Edwardian Old Mine Cut Diamond Ring

Value (2006) | $40,000 Retail$50,000 Auction

This belonged to my grandmother and she lived in California. And she gave it to my mom and then my mom gave it to me. My assumption is that her husband gave it to her and it's been in the family ever since then. My grandmother had very tiny fingers and so what was probably her ring finger it was just a pinky ring for me. It wasn't very attractive at that time. Mom had it sized, and when it became a ring finger size, it became quite attractive.

Well, this is a wonderful old mine cut, which is one of the earliest cuts of diamonds. It started in about the 16th century. How many carats did you say this was?

It's five.

Five carats.

Maybe five plus, yeah.

Now, something very interesting has happened. 20 years ago, all of the wonderful old jewels, big brooches, old diamonds like this, old mine cuts, the European cuts, and the rose cuts-- dealers would come in, they would buy them, and they would re-cut them into brilliant modern cuts. They would lose sometimes 40% of the diamond. But they would get more a carat. So, in the process, they were all very happy because they were making a lot of money, but they were destroying pieces of wonderful old diamond jewelry. About seven or eight years ago, women began to see the beautiful brilliance in these older stones. And they liked the beautiful delicate openwork mountings as opposed to what we traditionally see. In the last five years, there's been a tremendous amount of cutting of diamonds in the old cuts, like the rose cut, and the old mine cut and the European cut.

That's great.

So, the price now on those stones has gone up in value where they went down before. These are such desirable mountings. This is a mounting from the Edwardian era. It's made in about 1910. And it's made with platinum and set with small diamonds. And the stone itself could have been cut in the 19th century or even the 18th century.

Oh, wow.

I think it's cut in the 19th century because it's just so sophisticated in its evenness and in the proportion of the facets. I've not ever seen one this large cut this well. This ring, if you were to buy this today, I would estimate between $40,000 and $50,000.

That's... a fine tidy sum.

Appraisal Details

Joyce Jonas & Associates
New York, NY
Appraised value (2006)
$40,000 Retail$50,000 Auction
Honolulu, HI (August 26, 2006)

Executive producer Marsha Bemko shares her tips for getting the most out of ANTIQUES ROADSHOW.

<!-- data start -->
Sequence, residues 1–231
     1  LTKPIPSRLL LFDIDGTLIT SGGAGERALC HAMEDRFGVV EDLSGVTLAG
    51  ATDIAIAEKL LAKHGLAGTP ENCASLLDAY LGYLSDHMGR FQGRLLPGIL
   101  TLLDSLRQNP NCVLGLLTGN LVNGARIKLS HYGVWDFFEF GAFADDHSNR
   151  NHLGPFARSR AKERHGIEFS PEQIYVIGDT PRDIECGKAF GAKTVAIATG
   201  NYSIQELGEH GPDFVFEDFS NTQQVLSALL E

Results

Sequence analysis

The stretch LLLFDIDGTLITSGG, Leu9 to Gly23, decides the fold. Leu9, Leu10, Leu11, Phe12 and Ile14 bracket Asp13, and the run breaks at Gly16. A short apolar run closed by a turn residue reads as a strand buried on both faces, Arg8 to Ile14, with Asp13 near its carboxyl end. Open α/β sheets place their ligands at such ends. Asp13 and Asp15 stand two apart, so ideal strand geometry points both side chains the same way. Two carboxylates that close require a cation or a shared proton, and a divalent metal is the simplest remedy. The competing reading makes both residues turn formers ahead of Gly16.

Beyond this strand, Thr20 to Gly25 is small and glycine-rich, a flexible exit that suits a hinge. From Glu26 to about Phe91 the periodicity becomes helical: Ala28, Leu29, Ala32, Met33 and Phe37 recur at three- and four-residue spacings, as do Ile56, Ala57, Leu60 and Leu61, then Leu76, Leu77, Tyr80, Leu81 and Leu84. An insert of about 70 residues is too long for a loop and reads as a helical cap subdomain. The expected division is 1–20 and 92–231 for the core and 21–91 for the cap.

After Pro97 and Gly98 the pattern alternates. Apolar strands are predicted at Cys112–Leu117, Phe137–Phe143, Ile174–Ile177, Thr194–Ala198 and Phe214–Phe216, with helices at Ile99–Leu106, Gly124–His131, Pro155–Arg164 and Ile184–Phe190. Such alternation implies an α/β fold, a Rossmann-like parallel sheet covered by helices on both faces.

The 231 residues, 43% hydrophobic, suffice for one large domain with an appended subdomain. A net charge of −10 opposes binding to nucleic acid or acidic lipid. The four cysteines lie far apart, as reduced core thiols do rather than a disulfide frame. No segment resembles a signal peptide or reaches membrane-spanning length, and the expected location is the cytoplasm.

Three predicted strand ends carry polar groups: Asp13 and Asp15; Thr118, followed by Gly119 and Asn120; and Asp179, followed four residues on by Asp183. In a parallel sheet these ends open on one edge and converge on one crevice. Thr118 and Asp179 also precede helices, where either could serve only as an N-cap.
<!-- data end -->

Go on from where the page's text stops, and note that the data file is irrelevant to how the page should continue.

Value can change: The value of an item is dependent upon many things, including the condition of the object itself, trends in the market for that kind of object, and the location where the item will be sold. These are just some of the reasons why the answer to the question "What's it worth?" is so often "It depends."

Note the date: Take note of the date the appraisal was recorded. This information appears in the upper left corner of the page, with the label "Appraised On." Values change over time according to market forces, so the current value of the item could be higher, lower, or the same as when our expert first appraised it.

Context is key: Listen carefully. Most of our experts will give appraisal values in context. For example, you'll often hear them say what an item is worth "at auction," or "retail," or "for insurance purposes" (replacement value). Retail prices are different from wholesale prices. Often an auctioneer will talk about what she knows best: the auction market. A shop owner will usually talk about what he knows best: the retail price he'd place on the object in his shop. And though there are no hard and fast rules, an object's auction price can often be half its retail value; yet for other objects, an auction price could be higher than retail. As a rule, however, retail and insurance/replacement values are about the same.

Verbal approximations: The values given by the experts on ANTIQUES ROADSHOW are considered "verbal approximations of value." Technically, an "appraisal" is a legal document, generally for insurance purposes, written by a qualified expert and paid for by the owner of the item. An appraisal usually involves an extensive amount of research to establish authenticity, provenance, composition, method of construction, and other important attributes of a particular object.

Opinion of value: As with all appraisals, the verbal approximations of value given at ROADSHOW events are our experts' opinions formed from their knowledge of antiques and collectibles, market trends, and other factors. Although our valuations are based on research and experience, opinions can, and sometimes do, vary among experts.

Appraiser affiliations: Finally, the affiliation of the appraiser may have changed since the appraisal was recorded. To see current contact information for an appraiser in the ROADSHOW Archive, click on the link below the appraiser's picture. Our Appraiser Index also contains a complete list of active ROADSHOW appraisers and their contact details and biographies.